It’s important to understand how you as an event manager can get the best out of the conference speakers you engage – and hopefully mediate against any potential melt down moments.
Aside from a select few celebrity conference speakers who will undoubtedly have a few unusual demands, conference speakers are just like you and me – they’ve got a job to do and they need specific elements to make it happen.
Most of these are common sense but you’ll have to indulge me – especially as they are so often forgotten by even the most organised event managers.
1. A comprehensive briefing
This is by far the most important bit of the entire process and could probably fill an entire post – but I won’t waste your time especially when the message is simple: bad briefing, bad speaker.
You need to tell your conference speakers everything you can about the event. Now I’m not talking about delivering reams of paper on your budget, catering options or toilet facilities. I’m referring to the nitty gritty content info. You should provide all conference speakers with relevant detail on the aims and objectives of the event, other conference speakers, the audience demographic (age, gender, occupation, seniority) and what you expect from their session.
This can either be done by phone call or written briefing. In my experience, a short call followed by a written summary works the best and gives you a chance to introduce yourself to the speaker as well as provide a written reference for them to return to.
The information will allow the conference speaker to design a session that is tailored to your audience and should (fingers crossed) get the best reaction from delegates.
2. A green room
Believe it or not most conference speakers will get nervous before they go on, not in a ‘I’m going to die of stage fright’ kind of way but in a way that means they’ll need a calm and private space available so they can prepare.
Something as simple as arranging for a team member to meet the speaker at the registration desk and whisking them off to the ‘Speaker Lounge’ is really appreciated and instantly puts them at ease. It also means that more recognizable faces don’t get swamped by delegates before the session starts.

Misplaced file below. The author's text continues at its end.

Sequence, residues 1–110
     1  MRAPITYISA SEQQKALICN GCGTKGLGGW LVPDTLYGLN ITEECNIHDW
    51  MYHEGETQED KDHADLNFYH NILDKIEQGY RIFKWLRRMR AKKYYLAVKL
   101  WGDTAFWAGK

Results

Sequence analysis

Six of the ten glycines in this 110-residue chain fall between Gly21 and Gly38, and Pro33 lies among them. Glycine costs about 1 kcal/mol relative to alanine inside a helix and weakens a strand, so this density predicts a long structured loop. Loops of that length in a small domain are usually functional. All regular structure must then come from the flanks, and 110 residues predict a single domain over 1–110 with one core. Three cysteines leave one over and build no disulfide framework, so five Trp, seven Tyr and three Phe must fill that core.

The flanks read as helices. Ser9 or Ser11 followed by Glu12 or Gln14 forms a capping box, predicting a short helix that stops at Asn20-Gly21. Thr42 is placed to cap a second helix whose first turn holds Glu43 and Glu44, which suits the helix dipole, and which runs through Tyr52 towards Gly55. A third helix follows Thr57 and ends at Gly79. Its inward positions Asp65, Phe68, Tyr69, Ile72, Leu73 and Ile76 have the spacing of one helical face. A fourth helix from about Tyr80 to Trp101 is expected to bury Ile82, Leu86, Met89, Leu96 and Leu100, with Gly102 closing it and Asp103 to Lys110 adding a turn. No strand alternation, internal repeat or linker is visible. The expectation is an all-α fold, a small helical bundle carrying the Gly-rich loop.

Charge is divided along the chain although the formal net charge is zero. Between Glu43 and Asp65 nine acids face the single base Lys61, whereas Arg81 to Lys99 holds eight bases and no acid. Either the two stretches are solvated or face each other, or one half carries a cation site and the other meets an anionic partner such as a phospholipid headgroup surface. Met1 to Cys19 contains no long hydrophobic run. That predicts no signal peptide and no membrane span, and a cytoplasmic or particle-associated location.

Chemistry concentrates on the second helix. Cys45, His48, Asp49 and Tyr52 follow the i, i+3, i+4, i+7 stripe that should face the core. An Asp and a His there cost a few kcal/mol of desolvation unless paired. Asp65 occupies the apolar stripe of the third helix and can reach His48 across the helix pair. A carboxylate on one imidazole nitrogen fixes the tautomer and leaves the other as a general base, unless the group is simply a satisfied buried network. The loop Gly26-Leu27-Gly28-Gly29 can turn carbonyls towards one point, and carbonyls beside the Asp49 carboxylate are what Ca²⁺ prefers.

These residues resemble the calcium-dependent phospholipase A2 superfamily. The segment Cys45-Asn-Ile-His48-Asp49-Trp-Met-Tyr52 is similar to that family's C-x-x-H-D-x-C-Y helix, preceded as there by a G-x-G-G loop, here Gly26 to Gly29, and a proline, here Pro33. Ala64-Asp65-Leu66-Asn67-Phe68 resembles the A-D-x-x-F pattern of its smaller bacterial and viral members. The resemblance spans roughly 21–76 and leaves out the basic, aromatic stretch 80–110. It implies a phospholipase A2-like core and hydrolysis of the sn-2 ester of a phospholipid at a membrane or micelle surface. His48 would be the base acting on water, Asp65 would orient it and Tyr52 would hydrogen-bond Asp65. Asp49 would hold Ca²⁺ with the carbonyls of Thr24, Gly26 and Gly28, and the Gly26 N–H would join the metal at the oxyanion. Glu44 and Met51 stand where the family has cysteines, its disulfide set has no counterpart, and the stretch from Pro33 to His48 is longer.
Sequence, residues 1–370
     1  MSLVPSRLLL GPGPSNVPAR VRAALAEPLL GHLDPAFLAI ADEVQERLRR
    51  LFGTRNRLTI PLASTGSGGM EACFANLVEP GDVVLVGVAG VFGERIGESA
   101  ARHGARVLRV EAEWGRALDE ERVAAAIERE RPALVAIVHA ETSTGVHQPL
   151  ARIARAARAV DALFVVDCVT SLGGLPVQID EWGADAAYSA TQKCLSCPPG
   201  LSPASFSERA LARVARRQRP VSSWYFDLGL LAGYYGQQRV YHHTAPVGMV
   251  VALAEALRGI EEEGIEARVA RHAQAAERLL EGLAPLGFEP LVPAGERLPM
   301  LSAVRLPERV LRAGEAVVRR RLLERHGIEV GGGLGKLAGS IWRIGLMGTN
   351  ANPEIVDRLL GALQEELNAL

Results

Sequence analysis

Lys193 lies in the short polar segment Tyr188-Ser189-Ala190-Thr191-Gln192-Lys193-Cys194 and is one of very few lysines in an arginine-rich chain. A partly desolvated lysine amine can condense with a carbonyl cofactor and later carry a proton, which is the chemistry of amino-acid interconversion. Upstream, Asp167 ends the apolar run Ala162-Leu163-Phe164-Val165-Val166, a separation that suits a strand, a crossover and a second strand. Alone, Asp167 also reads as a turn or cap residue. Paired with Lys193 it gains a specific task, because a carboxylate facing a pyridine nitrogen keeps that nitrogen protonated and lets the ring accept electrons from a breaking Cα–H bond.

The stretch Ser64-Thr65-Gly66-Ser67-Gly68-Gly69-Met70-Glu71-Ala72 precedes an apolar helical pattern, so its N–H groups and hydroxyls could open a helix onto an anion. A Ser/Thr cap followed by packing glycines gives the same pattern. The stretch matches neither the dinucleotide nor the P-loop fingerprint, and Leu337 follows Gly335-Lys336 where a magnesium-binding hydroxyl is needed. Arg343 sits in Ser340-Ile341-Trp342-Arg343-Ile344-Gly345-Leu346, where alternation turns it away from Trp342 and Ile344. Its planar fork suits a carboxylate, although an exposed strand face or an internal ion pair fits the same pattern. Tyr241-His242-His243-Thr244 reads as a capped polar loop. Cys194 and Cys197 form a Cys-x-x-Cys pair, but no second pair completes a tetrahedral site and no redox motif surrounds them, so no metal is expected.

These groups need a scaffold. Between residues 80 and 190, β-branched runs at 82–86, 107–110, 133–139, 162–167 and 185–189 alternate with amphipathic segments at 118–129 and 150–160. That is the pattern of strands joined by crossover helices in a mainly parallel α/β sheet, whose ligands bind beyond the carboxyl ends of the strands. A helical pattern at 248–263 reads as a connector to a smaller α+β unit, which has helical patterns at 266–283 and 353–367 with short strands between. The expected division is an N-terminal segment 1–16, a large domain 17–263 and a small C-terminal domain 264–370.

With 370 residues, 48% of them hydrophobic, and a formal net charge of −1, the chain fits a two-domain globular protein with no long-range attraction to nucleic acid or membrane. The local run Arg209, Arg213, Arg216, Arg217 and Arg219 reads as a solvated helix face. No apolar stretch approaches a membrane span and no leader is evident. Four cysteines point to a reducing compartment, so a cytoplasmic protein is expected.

Now the room itself doesn’t need to be fancy but it really should have…
3. Tea & Coffee – and a bottle of water!
I don’t know about you but the first thing I do when someone comes to my house is stick the kettle on. Your event is like your house; it’s your territory so make your conference speakers feel welcome.
Every event has a key stakeholder (or several) that needs impressing. Most conference speakers are professional networkers who know how to turn on the charm. It’s a skill that you can use to your advantage but only if you make the appropriate introductions.
This has only ever backfired on me once… the speaker in question will remain nameless but it’s safe to say that when he batted away the Chairman of RBS to have a microphone fitted I wanted the ground to open up and swallow me whole.
If you’ve done your research, spoken to other event organisers or consulted a reputable agency then the hard work is done. All there’s left to do is to sit back, relax and trust in the speaker to deliver a memorable session that leaves you basking in glowing feedback.